Technique for Distinguishing and Determining the Origin of Photon Emissions from He+/Ar+ Plasmas

Recombination Emissions with the Addition of OCS, CS2 and H2S
  • Nigel G. Adams
  • Toufik Mostefaoui
  • Lucia M. Babcock


Experimental studies of electron-ion recombination have traditionally been made in three ways: (1) the determination of recombination rate coefficients, some as a function of temperature, (2) the identification of ground state neutral products and (3) the detection of excited state products. Initial studies of (1) were made in stationary afterglows, predominantly by Biondi and co-workers1 and Smith and co-workers2 and were followed by investigations using the more versatile flowing afterglow.3 In parallel with the latter studies, emission spectroscopy was used primarily for detecting excited state products in ion- and metastable-neutral reactions,4, 5, 6 but with some studies in which excited products of recombination were detected. Studies were later made by Adams and co-workers7,8 and by Johnsen and co-workers9 to detect the ground state products of recombination, a more difficult problem but where substantial progress has been made. At the same time, determination of product distributions was also starting in storage rings.10,11 In this area, storage ring studies have been more numerous, due predominantly to the degree of effort put into the technique by a number of workers. Also, with this method, it is possible to inject a single ion species into the ring, and for heteronuclear ions to radiationally cool the vibrations.12 In the flowing afterglow, it is more complicated to create a single ion plasma, ensure that the ions are vibrationaly relaxed and to detect all of the products simultaneously.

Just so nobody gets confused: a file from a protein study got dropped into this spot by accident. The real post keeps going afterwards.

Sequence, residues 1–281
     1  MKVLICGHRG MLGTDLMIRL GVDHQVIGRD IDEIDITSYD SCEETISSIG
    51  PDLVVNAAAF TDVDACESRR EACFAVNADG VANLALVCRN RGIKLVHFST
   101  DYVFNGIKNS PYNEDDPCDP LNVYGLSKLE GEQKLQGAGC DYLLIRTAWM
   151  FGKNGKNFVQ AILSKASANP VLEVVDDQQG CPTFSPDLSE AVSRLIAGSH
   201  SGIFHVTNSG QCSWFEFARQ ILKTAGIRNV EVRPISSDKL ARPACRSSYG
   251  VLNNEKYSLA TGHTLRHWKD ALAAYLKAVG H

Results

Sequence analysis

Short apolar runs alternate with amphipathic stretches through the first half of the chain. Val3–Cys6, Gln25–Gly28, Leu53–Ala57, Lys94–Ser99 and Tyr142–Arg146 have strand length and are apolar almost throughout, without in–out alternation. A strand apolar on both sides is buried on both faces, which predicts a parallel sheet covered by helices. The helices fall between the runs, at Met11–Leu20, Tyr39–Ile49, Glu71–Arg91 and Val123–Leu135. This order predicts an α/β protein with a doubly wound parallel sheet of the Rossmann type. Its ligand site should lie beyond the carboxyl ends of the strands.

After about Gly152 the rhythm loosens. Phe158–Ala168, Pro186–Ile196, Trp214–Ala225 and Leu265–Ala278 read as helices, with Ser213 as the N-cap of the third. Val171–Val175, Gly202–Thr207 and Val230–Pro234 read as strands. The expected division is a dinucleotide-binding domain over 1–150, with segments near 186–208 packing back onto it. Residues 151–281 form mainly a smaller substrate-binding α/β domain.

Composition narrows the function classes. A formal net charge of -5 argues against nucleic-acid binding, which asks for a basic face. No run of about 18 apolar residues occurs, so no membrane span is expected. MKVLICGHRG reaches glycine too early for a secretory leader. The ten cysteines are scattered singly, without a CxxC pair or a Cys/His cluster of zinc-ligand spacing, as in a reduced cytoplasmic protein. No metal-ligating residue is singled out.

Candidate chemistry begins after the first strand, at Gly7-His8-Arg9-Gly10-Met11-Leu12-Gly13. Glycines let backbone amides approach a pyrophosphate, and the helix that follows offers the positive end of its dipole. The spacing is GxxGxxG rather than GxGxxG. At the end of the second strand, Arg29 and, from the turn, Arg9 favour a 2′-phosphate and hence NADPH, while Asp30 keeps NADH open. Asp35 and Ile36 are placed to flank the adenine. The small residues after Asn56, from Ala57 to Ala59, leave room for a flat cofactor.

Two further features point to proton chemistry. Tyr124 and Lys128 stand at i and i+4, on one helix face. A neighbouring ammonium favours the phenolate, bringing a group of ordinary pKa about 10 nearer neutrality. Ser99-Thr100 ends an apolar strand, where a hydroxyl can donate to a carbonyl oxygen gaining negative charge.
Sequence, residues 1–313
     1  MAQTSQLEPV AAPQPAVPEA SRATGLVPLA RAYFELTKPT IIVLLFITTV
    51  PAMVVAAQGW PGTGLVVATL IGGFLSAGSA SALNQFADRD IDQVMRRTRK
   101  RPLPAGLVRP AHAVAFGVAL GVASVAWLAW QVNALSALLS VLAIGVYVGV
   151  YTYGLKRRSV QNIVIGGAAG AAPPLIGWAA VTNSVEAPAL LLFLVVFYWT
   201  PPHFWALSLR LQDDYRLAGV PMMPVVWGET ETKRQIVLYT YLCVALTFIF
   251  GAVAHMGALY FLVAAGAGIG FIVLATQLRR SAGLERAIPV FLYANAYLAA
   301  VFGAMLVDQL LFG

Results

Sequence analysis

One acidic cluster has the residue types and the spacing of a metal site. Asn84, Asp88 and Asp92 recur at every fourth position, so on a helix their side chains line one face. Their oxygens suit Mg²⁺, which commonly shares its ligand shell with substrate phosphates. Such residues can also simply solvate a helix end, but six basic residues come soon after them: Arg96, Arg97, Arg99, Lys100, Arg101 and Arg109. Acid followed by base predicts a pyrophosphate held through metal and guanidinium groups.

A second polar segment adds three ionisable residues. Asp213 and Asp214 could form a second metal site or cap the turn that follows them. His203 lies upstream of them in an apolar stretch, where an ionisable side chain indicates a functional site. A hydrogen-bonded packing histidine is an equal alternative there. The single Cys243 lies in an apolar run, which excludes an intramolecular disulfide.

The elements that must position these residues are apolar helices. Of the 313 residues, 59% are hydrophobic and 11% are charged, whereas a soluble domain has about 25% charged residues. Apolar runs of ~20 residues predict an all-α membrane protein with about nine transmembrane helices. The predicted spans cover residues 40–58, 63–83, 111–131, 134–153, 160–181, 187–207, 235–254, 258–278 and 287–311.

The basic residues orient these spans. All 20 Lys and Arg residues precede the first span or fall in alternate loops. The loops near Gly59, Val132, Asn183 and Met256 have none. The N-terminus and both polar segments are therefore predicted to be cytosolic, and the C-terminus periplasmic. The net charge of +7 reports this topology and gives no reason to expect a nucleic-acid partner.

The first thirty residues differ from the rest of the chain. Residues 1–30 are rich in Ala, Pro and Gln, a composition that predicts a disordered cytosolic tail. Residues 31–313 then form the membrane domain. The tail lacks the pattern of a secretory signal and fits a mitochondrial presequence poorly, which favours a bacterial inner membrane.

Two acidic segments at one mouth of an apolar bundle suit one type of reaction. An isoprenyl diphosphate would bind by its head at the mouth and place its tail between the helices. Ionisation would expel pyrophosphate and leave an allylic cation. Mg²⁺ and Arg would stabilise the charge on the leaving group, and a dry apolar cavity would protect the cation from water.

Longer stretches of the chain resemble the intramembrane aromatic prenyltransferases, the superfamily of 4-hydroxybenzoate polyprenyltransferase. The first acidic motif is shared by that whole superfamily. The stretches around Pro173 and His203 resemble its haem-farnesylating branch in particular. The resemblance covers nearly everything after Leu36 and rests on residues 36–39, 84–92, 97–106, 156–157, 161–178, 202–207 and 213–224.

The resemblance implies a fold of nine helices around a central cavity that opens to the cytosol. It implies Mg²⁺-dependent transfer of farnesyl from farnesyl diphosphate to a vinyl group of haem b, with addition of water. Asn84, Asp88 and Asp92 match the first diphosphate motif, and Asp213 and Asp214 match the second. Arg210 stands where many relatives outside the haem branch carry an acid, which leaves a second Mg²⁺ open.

Dissociative Recombination Count Period Pulse Valve Flowing Afterglow Recombination Emission 
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Copyright information

© Springer Science+Business Media New York 2003

Authors and Affiliations

  • Nigel G. Adams
    • 1
  • Toufik Mostefaoui
    • 1
  • Lucia M. Babcock
    • 1
  1. 1.Department of ChemistryUniversity of GeorgiaAthensUSA

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